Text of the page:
|"When couples open their hearts to God and his purpose for marriage and family, he floods them with the grace of the sacrament of marriage."|
January 26, 2011. In the era of multitasking, how can
women “do it all” without losing focus? How can women
and their husbands communicate more effectively? What about living with
a non-practicing husband? What helps nearly broken marriages become whole
again? And finally, what books can help women learn to
grow into their role as Catholic spouses?
In the interview below,
Karen Sester, Familia USA National Director, offers some spiritual
and practical advice on the art of being a good
Proverbs 31 talks about the ideal wife as a
supreme multitasker who not only cares for her husband and
children, but also engages in business and charitable activity. What
advice would you give to women who are trying to
achieve that balance?
As Christians, we have two beautiful role models:
Christ and Mary, along with many saints, to look to
for guidance. I see Christ and Mary first spending time
with God, seeking his will. Only after prayer do they
act. The hardest thing sometimes is to let go of
our expectations for what our life will look like, what
my family will look like, and look to God for
what he wants for us.
Also, Christ did not heal
every person in town. It was God’s will to focus
on some. Likewise, God does not ask us to be
superwoman and do everything. What he does ask us is
that everything we do is with great love. Perfect work
isn’t doing everything perfectly, but doing it for God.
we have been given certain gifts, John Paul II calls
it the “feminine genius”: the ability to make others feel
loved, an openness to others, a certain spiritual sensitivity, desire
for union with God, a deep ability to hear and
appreciate truth. And so God entrusts women with divine truths,
along with moral and spiritual strength and faith to overcome
their fear, even in intense emotional and physical times. When
we use all of these gifts, we focus more on
the person and the soul than the task, and that
is where we find peace. My success is not in
the done laundry or the organized kitchen, but in the
love with which I do the work and the love
that others experience from me. This love can only be
given if we are connected to the vine, to Our
Lord in daily prayer and the sacraments.
On a practical level,
I find it most helpful to make a plan each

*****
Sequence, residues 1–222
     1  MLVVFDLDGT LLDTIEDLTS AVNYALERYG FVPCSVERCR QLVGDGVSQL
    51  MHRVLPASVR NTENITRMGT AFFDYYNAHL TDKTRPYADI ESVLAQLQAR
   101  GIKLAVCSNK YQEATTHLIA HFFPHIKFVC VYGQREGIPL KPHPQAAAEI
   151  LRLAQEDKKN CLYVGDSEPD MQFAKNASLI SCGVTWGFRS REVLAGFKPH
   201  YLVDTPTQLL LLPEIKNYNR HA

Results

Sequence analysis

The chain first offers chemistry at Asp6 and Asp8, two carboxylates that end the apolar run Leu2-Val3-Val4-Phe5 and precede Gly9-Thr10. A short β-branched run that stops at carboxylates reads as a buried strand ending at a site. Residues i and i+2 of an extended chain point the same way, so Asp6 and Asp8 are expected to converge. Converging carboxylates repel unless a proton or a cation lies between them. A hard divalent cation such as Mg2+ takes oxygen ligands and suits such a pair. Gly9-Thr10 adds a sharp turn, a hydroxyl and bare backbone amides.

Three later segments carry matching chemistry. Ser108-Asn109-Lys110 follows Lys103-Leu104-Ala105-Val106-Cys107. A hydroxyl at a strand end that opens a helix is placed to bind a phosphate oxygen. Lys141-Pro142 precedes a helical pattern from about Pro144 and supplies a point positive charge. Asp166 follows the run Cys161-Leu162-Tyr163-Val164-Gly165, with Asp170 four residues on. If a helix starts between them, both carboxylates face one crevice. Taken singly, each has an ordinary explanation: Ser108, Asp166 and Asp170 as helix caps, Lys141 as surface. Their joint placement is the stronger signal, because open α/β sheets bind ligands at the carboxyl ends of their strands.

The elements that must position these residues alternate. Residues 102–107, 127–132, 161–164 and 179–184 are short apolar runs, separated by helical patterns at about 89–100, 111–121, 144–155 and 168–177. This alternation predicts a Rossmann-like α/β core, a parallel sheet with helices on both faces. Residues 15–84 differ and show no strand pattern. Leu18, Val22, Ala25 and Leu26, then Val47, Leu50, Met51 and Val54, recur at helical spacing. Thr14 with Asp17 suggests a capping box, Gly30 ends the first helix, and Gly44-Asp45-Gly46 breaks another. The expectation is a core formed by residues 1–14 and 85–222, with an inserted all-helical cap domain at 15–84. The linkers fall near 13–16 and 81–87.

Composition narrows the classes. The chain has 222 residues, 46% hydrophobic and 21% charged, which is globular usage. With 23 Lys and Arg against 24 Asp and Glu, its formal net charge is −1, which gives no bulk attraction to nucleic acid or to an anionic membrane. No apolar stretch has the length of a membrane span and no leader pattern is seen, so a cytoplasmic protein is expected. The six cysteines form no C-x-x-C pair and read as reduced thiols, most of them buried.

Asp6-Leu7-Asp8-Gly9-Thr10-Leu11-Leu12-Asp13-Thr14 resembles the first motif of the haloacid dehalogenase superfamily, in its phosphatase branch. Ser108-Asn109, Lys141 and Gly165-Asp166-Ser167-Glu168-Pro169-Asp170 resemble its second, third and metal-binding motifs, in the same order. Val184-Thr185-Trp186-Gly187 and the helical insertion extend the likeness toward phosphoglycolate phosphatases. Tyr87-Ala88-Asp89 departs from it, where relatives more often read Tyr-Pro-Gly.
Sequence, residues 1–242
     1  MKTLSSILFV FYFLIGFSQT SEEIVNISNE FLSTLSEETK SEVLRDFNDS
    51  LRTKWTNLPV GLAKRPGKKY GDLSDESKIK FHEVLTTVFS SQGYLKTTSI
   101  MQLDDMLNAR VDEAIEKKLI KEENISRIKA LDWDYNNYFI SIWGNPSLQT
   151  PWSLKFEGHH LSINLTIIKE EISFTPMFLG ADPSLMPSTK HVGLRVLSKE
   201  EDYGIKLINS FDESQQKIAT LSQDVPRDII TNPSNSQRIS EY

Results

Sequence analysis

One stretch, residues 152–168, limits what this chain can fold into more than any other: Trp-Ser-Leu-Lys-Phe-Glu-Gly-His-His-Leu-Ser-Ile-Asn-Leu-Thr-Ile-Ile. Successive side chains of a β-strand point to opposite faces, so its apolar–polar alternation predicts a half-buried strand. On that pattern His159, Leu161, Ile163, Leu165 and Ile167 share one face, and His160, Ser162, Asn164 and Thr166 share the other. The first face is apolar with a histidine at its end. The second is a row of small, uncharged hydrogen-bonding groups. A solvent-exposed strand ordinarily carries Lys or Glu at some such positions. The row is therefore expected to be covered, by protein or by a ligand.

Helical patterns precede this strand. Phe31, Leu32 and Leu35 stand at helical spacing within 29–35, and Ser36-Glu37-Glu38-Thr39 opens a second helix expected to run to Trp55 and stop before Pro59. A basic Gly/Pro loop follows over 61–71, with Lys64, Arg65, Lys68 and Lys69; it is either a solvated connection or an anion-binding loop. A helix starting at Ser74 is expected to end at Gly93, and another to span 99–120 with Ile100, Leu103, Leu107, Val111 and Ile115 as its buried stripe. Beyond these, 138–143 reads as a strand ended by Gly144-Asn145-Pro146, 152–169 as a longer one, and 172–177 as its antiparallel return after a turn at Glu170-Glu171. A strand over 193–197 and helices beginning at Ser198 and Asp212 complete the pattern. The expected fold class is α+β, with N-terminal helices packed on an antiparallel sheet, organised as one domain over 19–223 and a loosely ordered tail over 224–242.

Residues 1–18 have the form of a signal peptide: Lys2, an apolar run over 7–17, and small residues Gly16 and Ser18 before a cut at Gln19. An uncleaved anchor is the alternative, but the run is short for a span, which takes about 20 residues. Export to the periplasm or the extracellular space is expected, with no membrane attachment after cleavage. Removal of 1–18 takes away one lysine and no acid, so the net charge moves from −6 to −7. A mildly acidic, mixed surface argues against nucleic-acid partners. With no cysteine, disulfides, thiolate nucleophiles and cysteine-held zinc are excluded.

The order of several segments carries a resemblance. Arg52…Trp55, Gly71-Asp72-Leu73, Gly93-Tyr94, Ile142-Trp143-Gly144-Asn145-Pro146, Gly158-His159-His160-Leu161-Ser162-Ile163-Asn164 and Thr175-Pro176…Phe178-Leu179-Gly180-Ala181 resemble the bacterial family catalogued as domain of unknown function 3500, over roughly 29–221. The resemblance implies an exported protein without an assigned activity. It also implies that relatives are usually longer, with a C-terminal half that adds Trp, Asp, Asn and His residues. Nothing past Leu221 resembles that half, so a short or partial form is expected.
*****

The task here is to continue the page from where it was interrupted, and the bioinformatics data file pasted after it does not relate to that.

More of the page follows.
week with God for how I will spend my time,
first list my time with God, then my husband, then
my children, then the other responsibilities. If something doesn’t fit,
either God doesn’t need me to do it, or he
will make time for it. Having the plan gives me
peace and comfort as I see it is God’s plan
for me. It also helps me be prepared when I
have a few unexpected minutes so I can make good
use of them.
Another word of advice: make sure to
talk to your husband before making decisions.
What is the most
common communications difficulty between women and their husbands? What can
wives to do to improve their communication?
The most common communications
difficulty is understanding each other. Men and women are different;
they think, act, and communicate differently. Don’t expect him to
guess your thoughts and don’t think you can guess what
he is thinking. You need to listen to each other.
It is when we rashly react out of defensiveness that
we make the greatest mistakes. Many times our spouse was
not criticizing, but simply expressing a need. We need to
be able to talk about our needs, wants, fears and
desires with each other openly and without defensiveness. Greatly desire
to continue to get to know your spouse. Try to
understand him in every aspect of his life: physically, spiritually,
intellectually. It is quite an exciting challenge!
What would you recommend
for Catholic women who are married to non-practicing husbands and
who are unable to share their faith with them as
they would like?
This is probably the most frequent question
we receive from Familia women. As wives and mothers, we